This is a set of shared reading lesson plans and reading strategy visuals for Kindergarten students. The 30 lessons in this unit teach decoding, comprehension, and fluency strategies for reading nonfiction.
This unit is for you if you want to:
- Engage your students in meaningful, fun whole group lessons
- Grow your Kindergarteners’ reading confidence, and
- Accelerate your students’ reading progress!
The lessons in this unit are designed to be very flexible - you can use the suggested texts or choose your own. The lessons can also be rearranged to meet your school's curriculum or scope and sequence!
In addition to detailed lesson plans, strategy visuals, and graphic organizers, you’ll also get:
- Suggestions for high frequency words and vocabulary words (from the recommended texts)
- Class skill checklists
- An individual rubric
- A conferring form
- A list of Common Core Standards addressed (this unit aligns with many other standards systems, too)
This is the fifth unit in a series of 6. I recommend teaching this unit toward the middle or end of the school year. You can definitely use this unit on its own, but keep in mind that the units before / after this unit may further review or build on skills addressed here. For the complete Kindergarten shared reading bundle, please click HERE!
What is shared reading?
Shared reading is an instructional practice in which you, the teacher, lead students in a reading activity where the students can clearly see the words of the text. You do some modeling during shared reading, but you also encourage students to participate in the reading as much as possible. Each shared reading lesson focuses on a strategy that students can then practice on their own, as they read (or pretend-read) independently.
What is the reading workshop model? If I don't use a reading workshop model, can I still use this unit?
The reading workshop model is an approach to teaching that typically includes a minilesson and independent student practice (reading / other literacy activities). As long as you want to teach some type of shared reading or minilesson to your Kindergarten students, then this unit can work for you!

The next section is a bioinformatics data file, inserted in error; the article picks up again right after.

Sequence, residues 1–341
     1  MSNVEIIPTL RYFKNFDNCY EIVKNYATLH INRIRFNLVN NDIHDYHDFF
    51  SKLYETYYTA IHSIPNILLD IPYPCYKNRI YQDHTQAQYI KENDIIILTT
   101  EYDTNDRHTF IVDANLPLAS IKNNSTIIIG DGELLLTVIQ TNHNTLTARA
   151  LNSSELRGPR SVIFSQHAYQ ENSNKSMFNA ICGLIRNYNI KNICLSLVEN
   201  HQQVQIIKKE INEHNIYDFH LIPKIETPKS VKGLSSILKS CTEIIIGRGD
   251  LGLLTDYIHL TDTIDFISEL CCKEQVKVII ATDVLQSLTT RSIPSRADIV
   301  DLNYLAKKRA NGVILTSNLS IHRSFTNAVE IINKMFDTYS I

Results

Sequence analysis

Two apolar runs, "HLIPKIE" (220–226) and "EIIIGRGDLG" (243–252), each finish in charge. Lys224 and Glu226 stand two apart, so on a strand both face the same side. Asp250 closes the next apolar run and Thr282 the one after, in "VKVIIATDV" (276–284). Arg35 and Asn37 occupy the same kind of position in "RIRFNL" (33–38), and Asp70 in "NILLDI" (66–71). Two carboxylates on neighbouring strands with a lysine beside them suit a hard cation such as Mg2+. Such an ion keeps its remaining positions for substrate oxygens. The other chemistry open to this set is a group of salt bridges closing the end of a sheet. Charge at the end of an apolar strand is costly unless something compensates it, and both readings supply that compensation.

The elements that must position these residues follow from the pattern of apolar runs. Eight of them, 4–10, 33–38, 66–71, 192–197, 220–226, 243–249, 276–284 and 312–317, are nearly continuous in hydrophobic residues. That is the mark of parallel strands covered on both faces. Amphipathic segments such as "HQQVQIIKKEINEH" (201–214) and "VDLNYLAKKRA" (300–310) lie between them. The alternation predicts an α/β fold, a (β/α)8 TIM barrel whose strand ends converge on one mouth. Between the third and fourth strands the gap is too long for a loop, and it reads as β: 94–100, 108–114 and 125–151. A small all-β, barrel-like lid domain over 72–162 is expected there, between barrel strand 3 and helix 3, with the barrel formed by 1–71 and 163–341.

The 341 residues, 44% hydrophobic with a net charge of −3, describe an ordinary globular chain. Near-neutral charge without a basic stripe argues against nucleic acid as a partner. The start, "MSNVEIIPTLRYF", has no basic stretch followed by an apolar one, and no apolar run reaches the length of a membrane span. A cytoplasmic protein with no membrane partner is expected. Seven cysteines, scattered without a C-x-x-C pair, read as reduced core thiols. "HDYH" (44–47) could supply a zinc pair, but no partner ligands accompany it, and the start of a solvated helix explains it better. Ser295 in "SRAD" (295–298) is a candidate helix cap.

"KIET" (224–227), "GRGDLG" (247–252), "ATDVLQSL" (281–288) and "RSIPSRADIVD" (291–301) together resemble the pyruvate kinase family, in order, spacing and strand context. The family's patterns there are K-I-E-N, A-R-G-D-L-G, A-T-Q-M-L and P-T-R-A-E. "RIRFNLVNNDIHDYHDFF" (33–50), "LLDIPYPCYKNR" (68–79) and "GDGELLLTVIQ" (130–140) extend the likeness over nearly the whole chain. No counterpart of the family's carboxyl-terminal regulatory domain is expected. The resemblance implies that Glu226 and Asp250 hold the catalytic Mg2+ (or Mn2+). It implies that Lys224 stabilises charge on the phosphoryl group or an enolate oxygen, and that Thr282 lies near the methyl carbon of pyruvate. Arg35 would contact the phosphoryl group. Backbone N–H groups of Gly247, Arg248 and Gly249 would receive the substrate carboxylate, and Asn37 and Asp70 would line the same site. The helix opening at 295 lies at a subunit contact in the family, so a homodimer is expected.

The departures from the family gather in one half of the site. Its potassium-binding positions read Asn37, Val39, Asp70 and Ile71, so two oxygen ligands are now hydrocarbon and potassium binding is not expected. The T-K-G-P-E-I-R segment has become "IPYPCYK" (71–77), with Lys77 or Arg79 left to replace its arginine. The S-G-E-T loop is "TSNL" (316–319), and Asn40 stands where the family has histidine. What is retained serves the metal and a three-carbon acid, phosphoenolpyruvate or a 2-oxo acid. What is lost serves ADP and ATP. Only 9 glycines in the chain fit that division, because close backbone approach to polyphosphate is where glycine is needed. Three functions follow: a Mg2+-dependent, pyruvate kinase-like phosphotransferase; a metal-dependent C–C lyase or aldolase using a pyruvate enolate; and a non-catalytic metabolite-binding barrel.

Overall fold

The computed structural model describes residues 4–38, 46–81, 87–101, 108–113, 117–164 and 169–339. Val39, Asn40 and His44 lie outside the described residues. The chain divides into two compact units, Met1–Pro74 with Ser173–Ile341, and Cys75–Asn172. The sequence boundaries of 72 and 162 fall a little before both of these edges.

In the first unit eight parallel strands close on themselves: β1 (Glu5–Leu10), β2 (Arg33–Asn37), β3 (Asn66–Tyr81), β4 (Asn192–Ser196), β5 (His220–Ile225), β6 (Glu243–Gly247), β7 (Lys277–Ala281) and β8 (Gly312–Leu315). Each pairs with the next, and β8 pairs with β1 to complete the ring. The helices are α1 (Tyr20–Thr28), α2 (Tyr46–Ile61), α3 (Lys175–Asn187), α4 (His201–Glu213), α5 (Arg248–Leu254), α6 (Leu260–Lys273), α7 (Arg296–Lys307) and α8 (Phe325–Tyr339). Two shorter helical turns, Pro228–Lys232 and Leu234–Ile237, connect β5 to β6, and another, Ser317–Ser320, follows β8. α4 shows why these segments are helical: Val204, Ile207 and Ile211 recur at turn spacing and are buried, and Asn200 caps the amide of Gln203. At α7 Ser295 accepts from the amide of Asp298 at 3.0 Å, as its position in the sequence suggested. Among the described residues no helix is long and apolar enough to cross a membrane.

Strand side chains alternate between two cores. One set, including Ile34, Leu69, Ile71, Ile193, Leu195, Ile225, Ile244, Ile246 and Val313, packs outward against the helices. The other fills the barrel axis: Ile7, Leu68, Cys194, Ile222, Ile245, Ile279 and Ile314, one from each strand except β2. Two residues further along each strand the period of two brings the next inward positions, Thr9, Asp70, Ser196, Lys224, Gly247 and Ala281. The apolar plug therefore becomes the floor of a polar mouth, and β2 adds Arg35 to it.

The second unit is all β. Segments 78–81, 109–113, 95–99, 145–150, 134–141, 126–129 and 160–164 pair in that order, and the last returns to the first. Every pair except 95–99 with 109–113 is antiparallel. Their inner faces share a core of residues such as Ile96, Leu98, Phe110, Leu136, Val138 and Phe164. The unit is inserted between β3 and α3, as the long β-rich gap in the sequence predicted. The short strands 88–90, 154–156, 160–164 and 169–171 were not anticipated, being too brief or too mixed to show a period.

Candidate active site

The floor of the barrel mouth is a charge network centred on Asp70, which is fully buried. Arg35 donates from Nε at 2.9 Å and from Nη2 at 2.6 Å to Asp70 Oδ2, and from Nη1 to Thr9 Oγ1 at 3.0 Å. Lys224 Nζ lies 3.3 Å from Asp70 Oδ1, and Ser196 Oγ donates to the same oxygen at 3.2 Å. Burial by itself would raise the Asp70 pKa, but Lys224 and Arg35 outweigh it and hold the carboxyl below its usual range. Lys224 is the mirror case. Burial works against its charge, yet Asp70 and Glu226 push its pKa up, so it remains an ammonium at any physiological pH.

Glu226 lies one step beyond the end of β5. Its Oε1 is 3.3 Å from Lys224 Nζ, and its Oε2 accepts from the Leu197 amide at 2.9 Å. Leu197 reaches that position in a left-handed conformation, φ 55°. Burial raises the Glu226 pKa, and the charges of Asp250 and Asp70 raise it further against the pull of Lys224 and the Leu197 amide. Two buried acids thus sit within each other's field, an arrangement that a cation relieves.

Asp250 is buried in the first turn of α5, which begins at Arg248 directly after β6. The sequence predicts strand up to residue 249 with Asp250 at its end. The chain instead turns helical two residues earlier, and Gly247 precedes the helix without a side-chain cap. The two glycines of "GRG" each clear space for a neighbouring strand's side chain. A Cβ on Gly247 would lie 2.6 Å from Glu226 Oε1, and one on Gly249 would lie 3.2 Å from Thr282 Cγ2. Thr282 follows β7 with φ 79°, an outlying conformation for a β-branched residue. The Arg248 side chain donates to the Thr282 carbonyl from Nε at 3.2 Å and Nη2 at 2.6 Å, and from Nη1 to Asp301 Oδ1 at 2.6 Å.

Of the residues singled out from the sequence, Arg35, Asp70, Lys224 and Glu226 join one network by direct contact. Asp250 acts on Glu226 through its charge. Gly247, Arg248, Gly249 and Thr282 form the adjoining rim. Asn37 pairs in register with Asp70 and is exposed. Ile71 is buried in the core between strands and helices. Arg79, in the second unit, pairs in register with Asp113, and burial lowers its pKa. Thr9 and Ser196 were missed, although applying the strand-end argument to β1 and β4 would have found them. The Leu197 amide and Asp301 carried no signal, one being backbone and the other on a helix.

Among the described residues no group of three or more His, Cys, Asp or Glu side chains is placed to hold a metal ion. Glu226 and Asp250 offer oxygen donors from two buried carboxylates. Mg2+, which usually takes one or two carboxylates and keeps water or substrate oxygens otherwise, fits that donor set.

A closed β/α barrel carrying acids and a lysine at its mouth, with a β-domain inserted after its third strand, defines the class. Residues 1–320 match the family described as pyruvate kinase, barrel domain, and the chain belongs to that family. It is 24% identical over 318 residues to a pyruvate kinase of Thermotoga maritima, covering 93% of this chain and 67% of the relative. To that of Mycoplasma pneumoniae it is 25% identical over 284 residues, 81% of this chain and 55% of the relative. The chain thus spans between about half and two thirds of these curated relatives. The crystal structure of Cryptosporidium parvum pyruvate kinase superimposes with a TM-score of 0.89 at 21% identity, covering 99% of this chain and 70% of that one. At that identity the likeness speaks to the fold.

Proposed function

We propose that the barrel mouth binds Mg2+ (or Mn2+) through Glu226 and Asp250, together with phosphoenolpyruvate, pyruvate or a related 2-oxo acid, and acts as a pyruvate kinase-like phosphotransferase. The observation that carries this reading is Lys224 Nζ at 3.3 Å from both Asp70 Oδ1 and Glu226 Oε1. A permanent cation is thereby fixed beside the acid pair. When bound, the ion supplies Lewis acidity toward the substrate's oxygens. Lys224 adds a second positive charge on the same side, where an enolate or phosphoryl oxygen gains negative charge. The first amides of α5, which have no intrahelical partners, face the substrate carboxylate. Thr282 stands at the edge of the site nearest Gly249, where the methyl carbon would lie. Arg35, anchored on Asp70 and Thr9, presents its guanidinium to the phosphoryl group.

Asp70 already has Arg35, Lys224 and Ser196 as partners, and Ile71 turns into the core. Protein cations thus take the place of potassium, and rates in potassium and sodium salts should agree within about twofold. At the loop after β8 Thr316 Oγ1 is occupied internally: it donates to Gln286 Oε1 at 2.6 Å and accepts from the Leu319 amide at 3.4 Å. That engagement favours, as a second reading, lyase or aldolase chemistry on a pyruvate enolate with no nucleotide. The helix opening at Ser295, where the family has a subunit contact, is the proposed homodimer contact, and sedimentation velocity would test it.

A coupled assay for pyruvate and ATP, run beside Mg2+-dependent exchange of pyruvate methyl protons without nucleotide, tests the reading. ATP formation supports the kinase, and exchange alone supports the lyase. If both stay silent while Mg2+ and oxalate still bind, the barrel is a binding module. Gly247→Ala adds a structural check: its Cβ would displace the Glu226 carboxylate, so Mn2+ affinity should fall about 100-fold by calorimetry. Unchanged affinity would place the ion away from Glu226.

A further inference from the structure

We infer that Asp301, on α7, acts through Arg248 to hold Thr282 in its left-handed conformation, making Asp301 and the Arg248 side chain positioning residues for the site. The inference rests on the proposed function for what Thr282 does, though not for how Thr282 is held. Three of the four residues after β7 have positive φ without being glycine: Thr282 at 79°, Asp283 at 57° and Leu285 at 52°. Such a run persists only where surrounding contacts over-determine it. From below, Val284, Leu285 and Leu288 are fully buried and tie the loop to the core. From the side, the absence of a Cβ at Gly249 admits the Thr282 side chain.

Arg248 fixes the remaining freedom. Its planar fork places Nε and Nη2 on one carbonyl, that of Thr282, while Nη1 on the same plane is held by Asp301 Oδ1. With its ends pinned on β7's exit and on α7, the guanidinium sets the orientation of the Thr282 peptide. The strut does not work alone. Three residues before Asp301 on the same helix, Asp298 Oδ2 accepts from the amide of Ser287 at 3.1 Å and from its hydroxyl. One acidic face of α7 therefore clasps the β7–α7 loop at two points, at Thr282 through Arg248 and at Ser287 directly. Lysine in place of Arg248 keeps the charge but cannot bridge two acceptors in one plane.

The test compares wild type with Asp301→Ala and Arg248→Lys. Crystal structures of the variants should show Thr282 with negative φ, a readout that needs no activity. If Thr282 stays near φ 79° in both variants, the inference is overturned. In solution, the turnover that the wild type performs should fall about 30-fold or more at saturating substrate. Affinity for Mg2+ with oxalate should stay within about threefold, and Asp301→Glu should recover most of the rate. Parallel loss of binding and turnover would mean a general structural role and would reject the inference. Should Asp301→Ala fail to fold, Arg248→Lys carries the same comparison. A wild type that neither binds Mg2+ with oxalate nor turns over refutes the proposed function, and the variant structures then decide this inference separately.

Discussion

Where can I see a list of the lessons?
A list is included in the free preview! This list will allow you to see the skills and strategies covered in this unit. There are 30 lessons included, and they use nonfiction texts.
How long will each lesson take to teach?
The lessons are flexible, but I recommend setting aside 10-15 minutes for each shared reading lesson.
What books will I need to teach these lessons? What if I don't have access to those books?
Check out the preview for a complete list of suggested texts! For each week, I suggest different options for books that you can use. I also describe what type of text you might choose if you want to use a different text altogether. These lessons are VERY flexible in terms of the books you use!
Do I need big books to teach these lessons?
Nope! However, you'll want students to be able to clearly see the words of the texts, so make sure that you have a document camera or some other means of projecting the texts for students to see.
What are the levels of the books?
In this unit, I use mostly Levels D, E, and F books (F&P Guided Reading Levels). Students do NOT need to be able to read these books on their own - you provide plenty of support. You can easily adjust the difficulty level by using your own texts.
Can I skip lessons or use the lessons out of order?
Absolutely! These lessons are designed to be very flexible. I explain more about skipping lessons and using lessons out of order in the video instructions included in the unit. If you don't have time to do shared reading every day, it's not a problem (although I do recommend daily shared reading if you can manage it!).
How long will this unit take to teach?
I recommend spending 6 weeks on this unit.
Are the materials editable?
Editable versions of the lesson plans are included, yes! Other printables with clipart, however, are not editable due to the copyright agreements on the graphics I use.
What standards are addressed?
I've tagged the CCSS (Common Core) on this product page. You can use this list (with the CCSS) to correlate to any local standards you may use. Keep in mind that just because a standard is addressed does not mean that this unit teaches it to complete mastery (most standards are addressed again in later units).
What if I have more questions?
Feel free to leave a question in the Q&A section here on TpT, or email me at Alison@learningattheprimarypond.com. I'm happy to help!